Rap Music as an Extension of Black Rhetorical Tradition: "Keepin' It Real" 
Baruti N. Kopano

This study examines the rhetorical legacy of rap music. Beginning with the rhetorical traditions of ancient Africa, a pathway is drawn to show how enslaved Africans instituted these rhetorical traditions in a subversive manner in the New World. The coining of terms, the creation of linguistic combinations, the mastery of double entendre and other coded linguisic forms led to the formation of "guerilla rhetoric," which found expression in Black speech and Black music. Rap music is no exception. Most specifically, rap was created and continues to exist as a rhetoric of resistance. Though rap artists' approaches may differ, as an art form rap music uniformly draws on and expands the Black rhetorical tradition.
pp. 204–214


Frank Marshall Davis: A Forgotten Voice in the Chicago Black Renaissance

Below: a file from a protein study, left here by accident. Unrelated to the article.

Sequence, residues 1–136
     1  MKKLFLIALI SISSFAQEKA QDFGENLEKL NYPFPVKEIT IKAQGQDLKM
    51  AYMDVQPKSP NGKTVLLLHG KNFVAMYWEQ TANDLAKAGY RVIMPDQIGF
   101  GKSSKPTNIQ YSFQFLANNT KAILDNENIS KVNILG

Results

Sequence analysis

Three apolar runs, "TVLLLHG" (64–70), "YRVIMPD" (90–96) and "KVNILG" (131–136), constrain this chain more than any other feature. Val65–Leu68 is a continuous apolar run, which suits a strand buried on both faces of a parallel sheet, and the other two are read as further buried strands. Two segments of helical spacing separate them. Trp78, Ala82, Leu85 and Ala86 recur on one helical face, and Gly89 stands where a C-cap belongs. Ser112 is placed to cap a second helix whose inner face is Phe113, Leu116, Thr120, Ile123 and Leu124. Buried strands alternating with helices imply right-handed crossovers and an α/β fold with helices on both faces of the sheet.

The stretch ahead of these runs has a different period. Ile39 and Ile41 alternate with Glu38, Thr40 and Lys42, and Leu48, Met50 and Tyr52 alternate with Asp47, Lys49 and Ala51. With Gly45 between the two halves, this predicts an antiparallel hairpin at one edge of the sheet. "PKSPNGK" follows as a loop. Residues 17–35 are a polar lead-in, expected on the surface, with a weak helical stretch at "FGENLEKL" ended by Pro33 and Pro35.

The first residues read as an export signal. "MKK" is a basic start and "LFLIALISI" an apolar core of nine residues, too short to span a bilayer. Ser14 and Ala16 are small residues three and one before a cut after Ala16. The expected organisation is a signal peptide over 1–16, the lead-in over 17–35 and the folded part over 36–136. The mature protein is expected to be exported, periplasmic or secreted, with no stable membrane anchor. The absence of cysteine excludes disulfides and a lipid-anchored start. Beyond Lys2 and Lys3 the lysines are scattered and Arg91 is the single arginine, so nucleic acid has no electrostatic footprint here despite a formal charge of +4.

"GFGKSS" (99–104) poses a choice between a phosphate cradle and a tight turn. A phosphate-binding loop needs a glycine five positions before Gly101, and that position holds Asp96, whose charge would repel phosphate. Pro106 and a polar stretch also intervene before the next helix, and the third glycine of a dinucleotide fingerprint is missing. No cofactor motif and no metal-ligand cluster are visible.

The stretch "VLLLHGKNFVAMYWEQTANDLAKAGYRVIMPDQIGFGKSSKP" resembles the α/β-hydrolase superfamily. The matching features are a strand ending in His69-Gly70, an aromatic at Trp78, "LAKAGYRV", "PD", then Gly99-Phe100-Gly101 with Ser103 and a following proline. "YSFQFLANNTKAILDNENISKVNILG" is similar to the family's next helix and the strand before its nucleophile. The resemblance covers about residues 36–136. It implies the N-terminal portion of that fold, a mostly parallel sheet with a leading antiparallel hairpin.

Kathryn Waddell Takara

This article examines Davis's aesthetic perceptions and sociopolitcal analysis through a review of his editorials and poetry written during the Chicago Black Renaissance (1930s–1940s), his seminal role in establishing black jazz criticism, and his joining of these activities to political activism. The study of journalism and poetey is especially important to the understanding of black literary history, because it reveals how the black intellectual's voice was forged in response to political and cultural movements. Finally, I will make the case for connective marginalities by showing how the black voice functions both as a tool for unity, linking oppressed communities of the African diaspora, and as a confrontational force, linking the black community with the white, alternately using lyricism and satire to push for social reform (Tidwell, 1996, 74).
pp. 215–227


Martin Luther King, Jr's Doctrine of Human Dignity
Rufus Burrow, Jr.

This article explores the meaning and some implications of Martin Luther King, Jr.'s doctrine of human dignity, with special reference to the socio-ethical behavior of proponents of the Christian faith. The article also grounds King's concept of dignity both theologically and philosophically, and considers its significance in light of black against black violence and murder among young Afrikan American males.
pp. 228–239


The Educational Development of Malcolm X